I live in the western half of Loudoun County, Virginia. The eastern half is home to Dulles Airport and a host of thriving companies, many of which consult to the United States government and other businesses on technology and security. The homes in the eastern half are almost all recent, suburban style and expensive.
Although the county overall is one of the wealthiest in the nation, the western half is eerie in its diversity, and its extremes.While the area around Middleburg has long served as farmland for the wealthy (John and Jackie Kennedy’s horse farm, for example), most of western Loudoun was populated by struggling farmers and the small villages that supported them until the population sprawled westward in the last part of the 20th Century.
But a funny thing happened here. Families living in homes built by their ancestors in previous centuries liked it just fine where they were and stayed, living simple lives in place. So just a mile or two separates 6,000-square-foot homes built in the 1990s from 900-square-foot houses built long before the Civil War.
And speaking of the Civil War, members of the Society of Friends (Quakers) settled in western Loudoun County as early as the 1730s. Their farms and homes became stops on the Underground Railroad before and during the Civil War. The home I have lived in for the last 15 years was built on one of those farms, and the Goose Creek Friends Meeting is a mile and a half away, in Lincoln. I believe that Quaker history contributes to why so many families stayed here despite rising costs and the wealth around them.
A 2011 survey showed that, despite the wealth, 10.4% of the households in Loudoun County had income below $50,000 a year, 4.5% below $30,000, and 1.6%, or 1,683 households, below $10,000.
Asbury Lloyd, 86, and his wife, Sarah, are somewhere on the lower end in household income, and they lived in Lincoln — until their home was destroyed by fire last week. The costs of Sarah’s Alzheimer’s made homeowner’s insurance impossible for Asbury, so the Lincoln community is doing the modern equivalent of a barn raising for the couple. Whatever your spiritual practice, please include Asbury, Sarah and the great-granddaughter they have been raising in your thoughts, prayers, meditations, and contribute, if you can, to the Crowdrise campaign begun by their neighbors.
One of their closest neighbors is my good friend the singer-songwriter Andrew McKnight, so I will devote the rest of this post to his words and one of my favorites among his songs.
My elderly neighbors lost their house in a fire last week. Here’s a “how” to help them, but there is a good “why” too beyond the obvious.
We moved into our old house in December 2009, just in time for the snowiest winter I’ve seen in Virginia. With no real insulation and single pane windows, our heating bill was absolutely astronomical – like everyone else in the area.
Next door to us is Asbury’s woodlot, and all winter long he loaded his truck with firewood and delivered it, and other people came and took loads. Later on he told me that he didn’t worry about getting paid for it because a lot of people were struggling, and they’d make good on it. All spring and summer, wood kept mysteriously turning up on his woodlot for this elderly Korean War veteran to sell.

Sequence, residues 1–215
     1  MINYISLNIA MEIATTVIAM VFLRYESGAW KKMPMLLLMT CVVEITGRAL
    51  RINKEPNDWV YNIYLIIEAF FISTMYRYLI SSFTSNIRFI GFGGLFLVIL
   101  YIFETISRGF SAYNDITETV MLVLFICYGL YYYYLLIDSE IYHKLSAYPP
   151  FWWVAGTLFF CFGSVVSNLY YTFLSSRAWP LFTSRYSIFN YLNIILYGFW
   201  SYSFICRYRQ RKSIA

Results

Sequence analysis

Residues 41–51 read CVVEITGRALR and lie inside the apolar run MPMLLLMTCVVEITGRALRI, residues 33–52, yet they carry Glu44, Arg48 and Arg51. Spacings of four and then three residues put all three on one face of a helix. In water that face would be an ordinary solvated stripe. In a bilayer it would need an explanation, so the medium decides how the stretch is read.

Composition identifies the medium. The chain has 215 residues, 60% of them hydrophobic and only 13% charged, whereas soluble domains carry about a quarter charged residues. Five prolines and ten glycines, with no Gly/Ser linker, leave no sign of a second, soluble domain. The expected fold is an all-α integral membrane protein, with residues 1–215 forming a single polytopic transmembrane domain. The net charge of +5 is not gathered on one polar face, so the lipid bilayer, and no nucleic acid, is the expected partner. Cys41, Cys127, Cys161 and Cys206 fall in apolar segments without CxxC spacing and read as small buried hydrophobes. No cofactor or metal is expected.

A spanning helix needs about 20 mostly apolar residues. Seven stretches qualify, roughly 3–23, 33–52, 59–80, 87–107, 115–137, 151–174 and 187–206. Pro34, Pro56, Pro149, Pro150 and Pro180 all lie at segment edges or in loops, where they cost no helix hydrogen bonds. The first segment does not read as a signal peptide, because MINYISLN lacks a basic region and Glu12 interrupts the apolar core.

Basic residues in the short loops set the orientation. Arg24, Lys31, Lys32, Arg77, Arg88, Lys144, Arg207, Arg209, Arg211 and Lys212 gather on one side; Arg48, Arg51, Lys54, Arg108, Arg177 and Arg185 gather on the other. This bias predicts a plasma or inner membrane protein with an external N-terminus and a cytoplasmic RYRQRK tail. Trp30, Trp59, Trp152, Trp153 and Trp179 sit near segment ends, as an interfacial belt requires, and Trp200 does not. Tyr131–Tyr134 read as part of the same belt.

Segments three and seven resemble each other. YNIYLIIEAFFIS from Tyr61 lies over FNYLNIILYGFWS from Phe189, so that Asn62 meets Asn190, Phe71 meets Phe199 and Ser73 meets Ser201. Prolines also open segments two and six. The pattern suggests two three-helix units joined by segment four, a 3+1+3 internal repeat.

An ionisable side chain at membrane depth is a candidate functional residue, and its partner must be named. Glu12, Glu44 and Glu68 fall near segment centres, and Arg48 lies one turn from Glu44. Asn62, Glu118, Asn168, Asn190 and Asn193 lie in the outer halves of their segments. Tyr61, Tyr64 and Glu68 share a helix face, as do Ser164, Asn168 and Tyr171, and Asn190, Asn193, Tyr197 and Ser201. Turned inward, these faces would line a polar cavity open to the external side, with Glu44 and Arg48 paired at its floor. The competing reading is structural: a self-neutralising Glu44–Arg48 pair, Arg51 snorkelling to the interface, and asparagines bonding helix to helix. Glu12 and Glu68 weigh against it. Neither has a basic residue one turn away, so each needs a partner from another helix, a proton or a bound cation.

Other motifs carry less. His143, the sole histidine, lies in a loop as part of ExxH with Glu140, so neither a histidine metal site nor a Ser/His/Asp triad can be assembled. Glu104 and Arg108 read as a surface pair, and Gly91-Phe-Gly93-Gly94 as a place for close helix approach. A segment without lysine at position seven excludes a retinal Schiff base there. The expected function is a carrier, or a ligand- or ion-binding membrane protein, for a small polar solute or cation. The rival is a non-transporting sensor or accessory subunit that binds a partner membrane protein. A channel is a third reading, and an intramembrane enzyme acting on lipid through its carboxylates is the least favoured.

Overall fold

It has been known in our home ever since as Asbury’s “Magic Woodlot”, where there always seems to be wood for those who need. Even now with his house destroyed – the oldest in our village I believe, and literally built during John Adams administration – I’ve still seen this 86-year old man out there a couple of times working and delivering wood.
Now this gentle and generous soul needs our help. Due to the cost of Sarah’s Alzheimer’s care, they had no insurance. Donations to help raze their ruined house and get them permanently housed are a huge help. You can use this Crowdrise link or send a check to our Lincoln Community League, Lincoln VA 20160 (memo for the Lloyds Recovery Fund). Our community has also been collecting clothes for them and their great-granddaughter whom they are raising and who is one of Madeleine’s friends and schoolmates.
If you are moved to help, know that you are doing a good thing to help good people, and that an entire community is grateful that you did. If you are moved to share it, thank you. On this Valentine’s weekend, it is gratifying to know how much love – and good – there is in this world.
May we all be well and happy.
— Mel Pine (Fearless Lotus)
Copyright 2016 © Mel Harkrader Pine
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The Good Shepherd Alliance is here to help however we can. We can offer vouchers to shop for free in our three thrift stores and provide assistance on other resources as well. If Mr. and Mrs. Lloyd (or a representative) would like to speak with our Director of Housing, please reach her at 703-724-1555 ext. 105. God bless you all for coming together to help your neighbors.
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Thanks for writing about this. We’re happy to respond both on behalf of UU Church of Loudoun and ourselves.
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Thank you, Phyllis.